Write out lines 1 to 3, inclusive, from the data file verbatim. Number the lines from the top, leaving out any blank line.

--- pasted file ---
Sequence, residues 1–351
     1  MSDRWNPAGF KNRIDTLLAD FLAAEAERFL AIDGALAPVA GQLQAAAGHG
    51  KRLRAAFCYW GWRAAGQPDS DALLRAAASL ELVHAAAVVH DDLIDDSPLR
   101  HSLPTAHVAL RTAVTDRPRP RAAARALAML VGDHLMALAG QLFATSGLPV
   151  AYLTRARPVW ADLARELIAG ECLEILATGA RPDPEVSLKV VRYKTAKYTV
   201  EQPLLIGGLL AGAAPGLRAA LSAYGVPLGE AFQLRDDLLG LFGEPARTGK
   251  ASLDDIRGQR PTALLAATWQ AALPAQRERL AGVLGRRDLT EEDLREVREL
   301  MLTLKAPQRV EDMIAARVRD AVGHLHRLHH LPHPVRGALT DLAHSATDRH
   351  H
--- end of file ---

Sequence, residues 1–351
     1  MSDRWNPAGF KNRIDTLLAD FLAAEAERFL AIDGALAPVA GQLQAAAGHG
    51  KRLRAAFCYW GWRAAGQPDS DALLRAAASL ELVHAAAVVH DDLIDDSPLR